Beyond that, more than that, I am a Christian. That’s far from a simple thing to say. Depending on where I am, or who I’m talking to, that’s a good thing. Or that’s a bad thing. Or they might think I agree with them when I don’t, or think I disagree with them when I don’t do that, either. So here’s what it means to me:
I have tried on other ways of seeing the world and being in the world; but I have found no other way that calls the best out of me and restrains the worst in me and puts all of it in a context that just makes sense to me. And so, because of that, regardless of my politics, I am horrified by the rhetoric and the decisions being made around refugees. Like I said, politics is one thing. But if, as a politician, you cloak yourself in faith, and if you claim that your faith – your Christian faith – is a qualification for office (which is problematic for all kinds of reasons), then just as you must feed the hungry and visit the sick, you must welcome the stranger.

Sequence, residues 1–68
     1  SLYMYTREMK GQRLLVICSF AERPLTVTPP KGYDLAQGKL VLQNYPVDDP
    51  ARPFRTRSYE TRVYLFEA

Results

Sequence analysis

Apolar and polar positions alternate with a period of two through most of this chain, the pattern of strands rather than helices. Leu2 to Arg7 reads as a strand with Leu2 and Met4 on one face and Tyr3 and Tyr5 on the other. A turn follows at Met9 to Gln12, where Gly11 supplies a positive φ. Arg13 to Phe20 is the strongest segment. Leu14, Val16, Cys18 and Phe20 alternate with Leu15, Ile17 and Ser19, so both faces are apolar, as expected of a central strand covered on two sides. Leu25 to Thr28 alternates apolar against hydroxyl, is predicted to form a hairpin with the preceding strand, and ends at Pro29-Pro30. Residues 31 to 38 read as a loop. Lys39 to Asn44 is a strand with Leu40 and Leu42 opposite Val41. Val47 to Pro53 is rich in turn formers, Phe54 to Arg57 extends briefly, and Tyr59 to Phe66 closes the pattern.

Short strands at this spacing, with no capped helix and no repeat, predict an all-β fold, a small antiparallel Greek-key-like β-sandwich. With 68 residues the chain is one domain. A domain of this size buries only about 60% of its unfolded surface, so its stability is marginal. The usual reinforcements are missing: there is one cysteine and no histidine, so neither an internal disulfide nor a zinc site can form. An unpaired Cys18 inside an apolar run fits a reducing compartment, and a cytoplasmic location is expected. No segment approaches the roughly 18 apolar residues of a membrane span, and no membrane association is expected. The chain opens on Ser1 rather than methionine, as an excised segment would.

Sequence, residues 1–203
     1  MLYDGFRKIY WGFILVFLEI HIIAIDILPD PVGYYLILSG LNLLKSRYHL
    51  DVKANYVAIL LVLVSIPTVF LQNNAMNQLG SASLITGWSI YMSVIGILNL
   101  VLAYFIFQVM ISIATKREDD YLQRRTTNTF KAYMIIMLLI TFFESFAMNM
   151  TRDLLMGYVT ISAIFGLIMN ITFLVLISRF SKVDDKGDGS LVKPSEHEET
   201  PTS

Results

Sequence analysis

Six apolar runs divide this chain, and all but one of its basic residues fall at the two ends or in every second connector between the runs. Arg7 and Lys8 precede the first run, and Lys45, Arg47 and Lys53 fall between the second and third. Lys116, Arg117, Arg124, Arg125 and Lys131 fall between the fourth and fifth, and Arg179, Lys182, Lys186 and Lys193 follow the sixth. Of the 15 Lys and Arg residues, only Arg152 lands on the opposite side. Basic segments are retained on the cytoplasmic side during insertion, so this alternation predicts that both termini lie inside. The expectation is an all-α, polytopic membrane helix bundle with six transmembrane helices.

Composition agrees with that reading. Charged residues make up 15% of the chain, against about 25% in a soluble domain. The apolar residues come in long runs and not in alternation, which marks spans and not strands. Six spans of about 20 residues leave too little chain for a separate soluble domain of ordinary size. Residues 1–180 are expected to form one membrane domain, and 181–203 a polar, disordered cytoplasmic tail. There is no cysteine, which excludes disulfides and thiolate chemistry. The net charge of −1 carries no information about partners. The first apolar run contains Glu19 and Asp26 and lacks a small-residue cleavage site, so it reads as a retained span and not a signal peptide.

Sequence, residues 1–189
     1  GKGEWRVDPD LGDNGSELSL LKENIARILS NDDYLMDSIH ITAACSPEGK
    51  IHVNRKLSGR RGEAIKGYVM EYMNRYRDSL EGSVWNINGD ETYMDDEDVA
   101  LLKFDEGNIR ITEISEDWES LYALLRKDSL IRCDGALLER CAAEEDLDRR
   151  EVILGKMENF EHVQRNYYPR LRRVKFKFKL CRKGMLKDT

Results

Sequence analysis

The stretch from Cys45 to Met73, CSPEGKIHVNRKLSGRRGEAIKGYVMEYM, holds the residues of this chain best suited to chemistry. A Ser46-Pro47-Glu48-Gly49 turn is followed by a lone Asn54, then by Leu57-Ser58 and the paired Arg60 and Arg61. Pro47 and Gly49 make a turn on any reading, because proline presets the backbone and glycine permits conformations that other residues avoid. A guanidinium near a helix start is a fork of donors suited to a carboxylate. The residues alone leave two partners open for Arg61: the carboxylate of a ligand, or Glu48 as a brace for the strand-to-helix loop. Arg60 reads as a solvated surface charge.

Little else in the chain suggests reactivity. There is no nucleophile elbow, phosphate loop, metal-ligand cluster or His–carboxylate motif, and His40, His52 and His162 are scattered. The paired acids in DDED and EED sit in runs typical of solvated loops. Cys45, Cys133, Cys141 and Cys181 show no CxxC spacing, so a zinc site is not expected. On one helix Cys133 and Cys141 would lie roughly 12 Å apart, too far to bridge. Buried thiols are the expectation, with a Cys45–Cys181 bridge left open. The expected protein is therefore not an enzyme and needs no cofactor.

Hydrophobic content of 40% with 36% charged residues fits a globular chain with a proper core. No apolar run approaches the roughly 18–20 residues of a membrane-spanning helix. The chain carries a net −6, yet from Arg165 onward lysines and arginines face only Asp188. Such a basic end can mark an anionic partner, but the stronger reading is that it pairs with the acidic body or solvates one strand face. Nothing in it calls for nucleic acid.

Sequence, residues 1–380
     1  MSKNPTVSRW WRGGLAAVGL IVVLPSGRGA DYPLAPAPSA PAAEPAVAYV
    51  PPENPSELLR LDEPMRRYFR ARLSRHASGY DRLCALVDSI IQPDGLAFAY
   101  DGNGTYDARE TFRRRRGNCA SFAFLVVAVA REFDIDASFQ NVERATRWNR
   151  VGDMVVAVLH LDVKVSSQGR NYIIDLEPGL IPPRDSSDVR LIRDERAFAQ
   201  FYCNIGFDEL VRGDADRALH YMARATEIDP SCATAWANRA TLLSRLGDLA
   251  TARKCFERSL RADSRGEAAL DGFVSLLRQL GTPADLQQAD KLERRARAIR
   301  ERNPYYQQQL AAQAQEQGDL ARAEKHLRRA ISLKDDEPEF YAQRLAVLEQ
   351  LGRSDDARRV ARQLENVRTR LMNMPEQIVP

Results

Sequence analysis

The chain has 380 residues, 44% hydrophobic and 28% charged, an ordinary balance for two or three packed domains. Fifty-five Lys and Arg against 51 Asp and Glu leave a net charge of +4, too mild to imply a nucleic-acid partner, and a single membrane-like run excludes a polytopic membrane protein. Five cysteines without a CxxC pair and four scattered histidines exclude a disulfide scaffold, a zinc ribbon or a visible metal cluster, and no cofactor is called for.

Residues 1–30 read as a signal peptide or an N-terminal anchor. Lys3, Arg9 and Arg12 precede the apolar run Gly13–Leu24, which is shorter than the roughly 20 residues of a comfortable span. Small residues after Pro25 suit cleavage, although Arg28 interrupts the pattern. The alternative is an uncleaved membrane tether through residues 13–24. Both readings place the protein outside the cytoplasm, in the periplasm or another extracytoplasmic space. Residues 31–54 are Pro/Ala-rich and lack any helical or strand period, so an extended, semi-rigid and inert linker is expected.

The faith that God makes real, physical, embodies in Christ calls us to many things. It even calls us to things that contradict our natural inclinations. One thing it never calls us to us is self-preservation – not personal preservation, not family preservation, not institutional preservation. We cannot follow Jesus at the manger and leave him when he flees to Egypt. And we certainly can’t ignore him at the cross.